In a virtual world that offers companies like IBM an open architecture, or interoperability with other virtual worlds and sites, would be a big hit, suggested Lee Dierdorf, VP of web strategy and enablement, in a conversation with VentureBeat Friday. “What started me down this path wasn’t Second Life,” he said of his desire to experiment with 3D, but rather “Tom Cruise in Minority Report.” He recalls watching Cruise creating vignettes from different action movies, and realizing how powerful the visual experience can be for researching. “Do I think anonymous avatars dressed in funny clothes are the future of business? No, that doesn’t interest me.” Second Life remains too closed and quirky, he said, for IBM to settle on it long-term.
From Keith O'Brien
While it's all too easy to dismiss any new development online as "something for the kids" or "something for the younger staff to deal with," I make this guarded prediction: Second Life will likely be more important to marketers than blogs.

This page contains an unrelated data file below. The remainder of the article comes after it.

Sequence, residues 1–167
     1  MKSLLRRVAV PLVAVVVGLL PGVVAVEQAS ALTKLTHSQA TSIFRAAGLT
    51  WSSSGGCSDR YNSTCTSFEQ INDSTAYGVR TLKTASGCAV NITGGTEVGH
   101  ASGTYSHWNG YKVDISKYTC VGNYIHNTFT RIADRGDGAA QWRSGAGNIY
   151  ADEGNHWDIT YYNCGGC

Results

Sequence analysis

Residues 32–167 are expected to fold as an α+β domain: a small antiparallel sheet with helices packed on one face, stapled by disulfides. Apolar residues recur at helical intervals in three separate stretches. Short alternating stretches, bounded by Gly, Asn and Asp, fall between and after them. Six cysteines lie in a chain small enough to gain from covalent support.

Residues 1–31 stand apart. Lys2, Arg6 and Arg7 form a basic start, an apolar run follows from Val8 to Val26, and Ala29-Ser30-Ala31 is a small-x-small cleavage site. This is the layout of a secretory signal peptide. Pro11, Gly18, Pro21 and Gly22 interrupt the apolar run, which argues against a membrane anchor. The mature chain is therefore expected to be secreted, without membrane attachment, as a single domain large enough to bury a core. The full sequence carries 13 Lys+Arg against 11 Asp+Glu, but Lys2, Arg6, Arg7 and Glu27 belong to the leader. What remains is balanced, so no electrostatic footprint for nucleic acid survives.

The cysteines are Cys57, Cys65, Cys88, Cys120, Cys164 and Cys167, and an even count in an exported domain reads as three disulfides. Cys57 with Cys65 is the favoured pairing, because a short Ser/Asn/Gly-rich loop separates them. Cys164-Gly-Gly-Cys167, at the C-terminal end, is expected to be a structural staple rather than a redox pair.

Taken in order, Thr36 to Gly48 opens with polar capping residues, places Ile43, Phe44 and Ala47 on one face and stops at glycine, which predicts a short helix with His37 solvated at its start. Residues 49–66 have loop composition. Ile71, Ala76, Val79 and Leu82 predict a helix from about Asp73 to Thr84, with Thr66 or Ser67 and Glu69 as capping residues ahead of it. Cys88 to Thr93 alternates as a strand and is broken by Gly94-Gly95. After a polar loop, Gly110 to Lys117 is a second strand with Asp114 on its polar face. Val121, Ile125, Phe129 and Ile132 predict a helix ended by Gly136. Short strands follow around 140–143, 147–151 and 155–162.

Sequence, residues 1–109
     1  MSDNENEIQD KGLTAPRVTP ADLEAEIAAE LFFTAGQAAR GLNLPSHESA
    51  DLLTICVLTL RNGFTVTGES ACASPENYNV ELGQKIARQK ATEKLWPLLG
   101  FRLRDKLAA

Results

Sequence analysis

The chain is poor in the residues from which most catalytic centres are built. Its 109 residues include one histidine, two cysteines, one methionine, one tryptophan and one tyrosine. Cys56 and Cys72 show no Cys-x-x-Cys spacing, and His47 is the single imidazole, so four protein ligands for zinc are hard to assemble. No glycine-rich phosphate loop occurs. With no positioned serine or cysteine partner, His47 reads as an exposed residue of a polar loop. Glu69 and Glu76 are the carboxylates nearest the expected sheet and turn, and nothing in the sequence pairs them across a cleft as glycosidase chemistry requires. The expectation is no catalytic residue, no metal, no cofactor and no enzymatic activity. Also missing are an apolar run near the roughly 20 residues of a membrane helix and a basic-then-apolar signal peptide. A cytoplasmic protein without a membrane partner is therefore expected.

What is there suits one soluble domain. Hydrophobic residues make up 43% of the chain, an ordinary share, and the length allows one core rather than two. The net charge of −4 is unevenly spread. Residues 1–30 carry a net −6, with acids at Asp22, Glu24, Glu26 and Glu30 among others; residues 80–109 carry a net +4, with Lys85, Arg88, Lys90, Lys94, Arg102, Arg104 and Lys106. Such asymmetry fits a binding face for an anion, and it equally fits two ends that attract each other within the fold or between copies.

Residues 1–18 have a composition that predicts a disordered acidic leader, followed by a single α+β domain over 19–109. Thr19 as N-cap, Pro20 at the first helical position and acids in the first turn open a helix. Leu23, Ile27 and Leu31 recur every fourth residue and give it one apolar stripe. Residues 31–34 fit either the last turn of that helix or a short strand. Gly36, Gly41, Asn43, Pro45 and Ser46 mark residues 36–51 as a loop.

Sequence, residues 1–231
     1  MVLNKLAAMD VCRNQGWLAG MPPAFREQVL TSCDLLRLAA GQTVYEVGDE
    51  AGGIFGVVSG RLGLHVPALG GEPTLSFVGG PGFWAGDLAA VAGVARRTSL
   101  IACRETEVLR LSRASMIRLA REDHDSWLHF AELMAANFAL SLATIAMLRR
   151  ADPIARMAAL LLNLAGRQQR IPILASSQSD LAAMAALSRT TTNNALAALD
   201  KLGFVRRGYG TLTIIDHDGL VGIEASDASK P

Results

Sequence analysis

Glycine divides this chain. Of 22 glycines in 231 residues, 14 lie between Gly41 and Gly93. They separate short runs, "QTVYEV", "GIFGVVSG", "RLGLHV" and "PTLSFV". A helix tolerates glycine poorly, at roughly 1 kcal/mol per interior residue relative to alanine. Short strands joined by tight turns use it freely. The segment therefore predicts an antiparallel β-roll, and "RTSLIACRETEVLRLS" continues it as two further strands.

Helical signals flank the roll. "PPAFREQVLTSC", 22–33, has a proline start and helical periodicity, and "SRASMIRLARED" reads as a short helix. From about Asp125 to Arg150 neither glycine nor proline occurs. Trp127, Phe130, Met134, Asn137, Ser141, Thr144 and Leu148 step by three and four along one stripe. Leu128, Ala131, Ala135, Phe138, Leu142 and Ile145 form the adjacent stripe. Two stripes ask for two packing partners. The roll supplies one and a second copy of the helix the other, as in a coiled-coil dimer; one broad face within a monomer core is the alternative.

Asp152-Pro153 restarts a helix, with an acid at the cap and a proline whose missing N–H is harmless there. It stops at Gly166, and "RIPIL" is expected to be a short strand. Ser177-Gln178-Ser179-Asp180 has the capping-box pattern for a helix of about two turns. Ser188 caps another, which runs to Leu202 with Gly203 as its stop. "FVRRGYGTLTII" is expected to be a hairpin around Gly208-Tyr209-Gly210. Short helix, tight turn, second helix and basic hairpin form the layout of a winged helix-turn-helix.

In the Web world, all of those software platforms are just different conduits for communication. As more digital consumers - often in that demo- and psychographic sweet spot - spend hours in Second Life, they end up in a vacuum that effectively closes out other communications: blogs, podcasts, and news Web sites. If they're in Second Life and you're not, they're not listening to you. If you never got on the blog train, here's your second chance.
Let's hear some positive results, so I can stand by my grandiose claim.